Economic profit is different from the general business term ‘profit’. The general assumption is that firms are producing goods to maximize profits.
Economies of scale are achieved when increasing the scale of production decreases long-term average costs. In other words, the cost of production per unit decreases as a company produces more units.
Diseconomies of scale are the product of decreasing returns to scale. In other words, they happen when a business grows to the point that its per-unit costs begin to rise, rather than continuing to decrease as with economies of scale.
Perfect competition or pure competition is a type of market structure. It is important to note that this form of market structure does not actually exist in the real world and is thus considered to be theoretical.
In an oligopoly market structure, there are just a few interdependent firms that collectively dominate the market. While individually powerful, each of these firms also cannot prevent other competing firms from holding sway over the market.
In monopolistic competition, there are many small firms who all have minimal shares of the market. Firms have many competitors, but each one sells a slightly different product.
The marginal cost of production is an economic concept that describes the increase in total production cost when producing one more unit of a good. It is highly useful to decision-making in that it allows firms to understand what level of production will allow them to have economies of scale.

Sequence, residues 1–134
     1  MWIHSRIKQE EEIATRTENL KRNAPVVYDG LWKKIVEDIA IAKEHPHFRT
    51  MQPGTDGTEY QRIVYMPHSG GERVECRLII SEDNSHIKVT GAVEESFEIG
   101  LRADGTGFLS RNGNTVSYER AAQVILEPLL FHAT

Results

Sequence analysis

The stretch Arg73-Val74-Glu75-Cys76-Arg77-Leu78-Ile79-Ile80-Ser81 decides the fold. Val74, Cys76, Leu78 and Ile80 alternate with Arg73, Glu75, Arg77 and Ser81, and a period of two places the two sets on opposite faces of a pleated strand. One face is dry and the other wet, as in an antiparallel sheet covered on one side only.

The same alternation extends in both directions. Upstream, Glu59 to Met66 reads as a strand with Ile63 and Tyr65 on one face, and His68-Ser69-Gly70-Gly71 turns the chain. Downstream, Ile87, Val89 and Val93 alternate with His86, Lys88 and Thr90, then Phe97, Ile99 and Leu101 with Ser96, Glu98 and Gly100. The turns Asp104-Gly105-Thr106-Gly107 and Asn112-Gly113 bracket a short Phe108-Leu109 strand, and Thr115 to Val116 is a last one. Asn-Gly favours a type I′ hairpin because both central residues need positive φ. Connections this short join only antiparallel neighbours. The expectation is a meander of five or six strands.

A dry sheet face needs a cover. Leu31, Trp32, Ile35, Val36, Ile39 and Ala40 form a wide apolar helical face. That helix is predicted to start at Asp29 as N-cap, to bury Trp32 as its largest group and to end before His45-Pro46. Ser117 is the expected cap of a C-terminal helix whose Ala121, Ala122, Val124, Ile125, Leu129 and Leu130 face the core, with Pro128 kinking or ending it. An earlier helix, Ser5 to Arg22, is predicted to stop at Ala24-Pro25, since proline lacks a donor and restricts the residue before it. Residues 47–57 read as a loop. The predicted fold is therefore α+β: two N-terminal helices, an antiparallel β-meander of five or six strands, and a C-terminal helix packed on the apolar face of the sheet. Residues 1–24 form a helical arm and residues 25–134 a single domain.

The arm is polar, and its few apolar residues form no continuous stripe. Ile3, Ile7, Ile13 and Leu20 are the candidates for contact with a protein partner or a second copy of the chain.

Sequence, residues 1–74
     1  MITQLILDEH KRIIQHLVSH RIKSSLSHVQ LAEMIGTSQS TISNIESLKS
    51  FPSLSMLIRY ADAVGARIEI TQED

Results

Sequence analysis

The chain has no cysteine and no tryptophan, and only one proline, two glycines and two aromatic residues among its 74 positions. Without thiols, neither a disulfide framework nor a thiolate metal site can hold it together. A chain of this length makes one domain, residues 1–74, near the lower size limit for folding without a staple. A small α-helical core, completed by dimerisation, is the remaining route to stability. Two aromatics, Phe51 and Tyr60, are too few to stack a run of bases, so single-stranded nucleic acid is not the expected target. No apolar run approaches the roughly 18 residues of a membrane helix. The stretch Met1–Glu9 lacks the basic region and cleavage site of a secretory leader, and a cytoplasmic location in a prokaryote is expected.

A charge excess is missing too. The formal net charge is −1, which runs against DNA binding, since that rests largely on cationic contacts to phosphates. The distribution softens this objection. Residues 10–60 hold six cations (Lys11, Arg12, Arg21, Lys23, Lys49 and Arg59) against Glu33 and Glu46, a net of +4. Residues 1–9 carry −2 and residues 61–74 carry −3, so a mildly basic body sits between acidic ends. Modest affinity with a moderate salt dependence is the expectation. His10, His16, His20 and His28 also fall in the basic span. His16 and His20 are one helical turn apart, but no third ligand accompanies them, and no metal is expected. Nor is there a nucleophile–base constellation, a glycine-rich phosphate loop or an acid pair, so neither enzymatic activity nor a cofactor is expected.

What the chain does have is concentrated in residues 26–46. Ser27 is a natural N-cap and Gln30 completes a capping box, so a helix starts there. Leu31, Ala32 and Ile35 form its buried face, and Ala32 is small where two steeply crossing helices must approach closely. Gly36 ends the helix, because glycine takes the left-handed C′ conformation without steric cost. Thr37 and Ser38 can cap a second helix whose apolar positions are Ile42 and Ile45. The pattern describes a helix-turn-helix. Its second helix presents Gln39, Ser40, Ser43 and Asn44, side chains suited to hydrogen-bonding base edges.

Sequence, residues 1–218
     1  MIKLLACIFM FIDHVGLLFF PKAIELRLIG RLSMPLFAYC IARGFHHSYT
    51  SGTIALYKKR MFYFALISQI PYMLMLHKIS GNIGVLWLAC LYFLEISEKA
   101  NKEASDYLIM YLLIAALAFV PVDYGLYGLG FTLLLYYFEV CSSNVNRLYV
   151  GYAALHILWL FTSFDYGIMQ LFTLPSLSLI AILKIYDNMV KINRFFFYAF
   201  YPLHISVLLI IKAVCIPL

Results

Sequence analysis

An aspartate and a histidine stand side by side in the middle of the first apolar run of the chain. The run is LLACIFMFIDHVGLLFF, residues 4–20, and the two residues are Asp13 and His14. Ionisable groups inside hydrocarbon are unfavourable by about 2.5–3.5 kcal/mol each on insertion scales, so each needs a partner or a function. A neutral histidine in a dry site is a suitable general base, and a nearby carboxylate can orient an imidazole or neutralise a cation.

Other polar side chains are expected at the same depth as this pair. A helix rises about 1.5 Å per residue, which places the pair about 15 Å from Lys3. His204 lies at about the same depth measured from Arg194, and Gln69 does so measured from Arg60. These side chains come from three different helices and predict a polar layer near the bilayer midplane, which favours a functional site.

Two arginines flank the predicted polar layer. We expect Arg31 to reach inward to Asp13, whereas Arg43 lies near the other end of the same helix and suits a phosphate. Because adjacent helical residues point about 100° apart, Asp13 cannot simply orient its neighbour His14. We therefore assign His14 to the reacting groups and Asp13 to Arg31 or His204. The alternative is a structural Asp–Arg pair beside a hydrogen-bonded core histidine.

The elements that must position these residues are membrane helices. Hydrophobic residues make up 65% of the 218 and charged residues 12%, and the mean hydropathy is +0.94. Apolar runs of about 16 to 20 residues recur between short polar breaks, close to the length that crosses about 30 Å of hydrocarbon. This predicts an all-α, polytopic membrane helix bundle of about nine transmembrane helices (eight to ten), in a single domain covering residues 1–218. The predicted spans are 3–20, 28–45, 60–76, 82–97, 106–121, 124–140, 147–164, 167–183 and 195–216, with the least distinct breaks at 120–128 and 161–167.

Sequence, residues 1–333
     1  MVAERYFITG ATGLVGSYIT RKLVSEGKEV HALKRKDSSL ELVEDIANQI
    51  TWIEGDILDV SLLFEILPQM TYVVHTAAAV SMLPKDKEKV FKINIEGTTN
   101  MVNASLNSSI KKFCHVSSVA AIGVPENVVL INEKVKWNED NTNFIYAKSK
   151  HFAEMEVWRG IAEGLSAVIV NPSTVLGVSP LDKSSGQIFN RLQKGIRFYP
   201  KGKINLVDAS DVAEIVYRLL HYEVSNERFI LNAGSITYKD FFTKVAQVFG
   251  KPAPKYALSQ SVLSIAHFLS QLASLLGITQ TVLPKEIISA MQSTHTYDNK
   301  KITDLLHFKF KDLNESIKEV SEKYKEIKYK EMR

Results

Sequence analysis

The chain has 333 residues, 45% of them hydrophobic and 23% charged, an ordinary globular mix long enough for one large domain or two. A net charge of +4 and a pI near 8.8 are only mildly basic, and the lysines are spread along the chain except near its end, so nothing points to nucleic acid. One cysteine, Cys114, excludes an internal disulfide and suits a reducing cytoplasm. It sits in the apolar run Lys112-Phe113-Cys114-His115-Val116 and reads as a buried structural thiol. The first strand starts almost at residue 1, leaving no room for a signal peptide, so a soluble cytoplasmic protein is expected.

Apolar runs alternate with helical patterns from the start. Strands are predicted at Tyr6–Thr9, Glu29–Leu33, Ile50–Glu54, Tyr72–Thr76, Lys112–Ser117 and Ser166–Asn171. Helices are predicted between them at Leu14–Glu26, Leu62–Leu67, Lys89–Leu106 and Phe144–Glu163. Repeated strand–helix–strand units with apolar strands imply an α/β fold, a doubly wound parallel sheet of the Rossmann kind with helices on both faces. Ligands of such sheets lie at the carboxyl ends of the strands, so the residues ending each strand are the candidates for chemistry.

Total revenue is the amount of money that a company earns by selling its goods and/or services during a period of time (e.g. a day or a week).
In the field of economics, the term “average variable cost” describes the variable cost for each unit. Variable costs are those that vary with changes in output. Examples of variable costs, otherwise known as direct costs, include some forms of labor costs, raw materials, fuel, etc.
The Profit Maximization Rule states that if a firm chooses to maximize its profits, it must choose that level of output where Marginal Cost (MC) is equal to Marginal Revenue (MR) and the Marginal Cost curve is rising. In other words, it must produce at a level where MC = MR.
In a Monopoly Market Structure, there is only one firm prevailing in a particular industry. However, from a regulatory view, monopoly power exists when a single firm controls 25% or more of a particular market.
Costs can be divided quite simply into two basic categories: variable costs and fixed costs. Variable costs are those that vary with production levels.
A monopsony is a situation of the market wherein only one buyer exists in a particular area, typically along with many sellers. These sellers end up competing for the buyer’s purchases by lowering their prices.
The Theory of Contestable Markets states that when barriers to entry into a market are weak or low or in some cases non-existent, and assuming that all entrants have equal access to technology, there is a constant threat of potential entry.
Barriers to Entry are designed to prevent potential competitors from entering the market. Some barriers to entry are placed by the government, while others could be related to cost. These barriers result in different market structures such as monopolies or oligopolies (a few firms).
Durable goods are those goods that don’t wear out quickly and last over a long period. While non-durable goods or soft goods are those goods that have a short life cycle.
The Theory of Production explains the principles by which a business firm decides how much of each commodity that it sells it will produce. And how much of each kind of labor, raw material, fixed capital goods, etc., that it employs it will use.
In the Cost Theory, there are two types of costs associated with production – Fixed Costs and Variable Costs.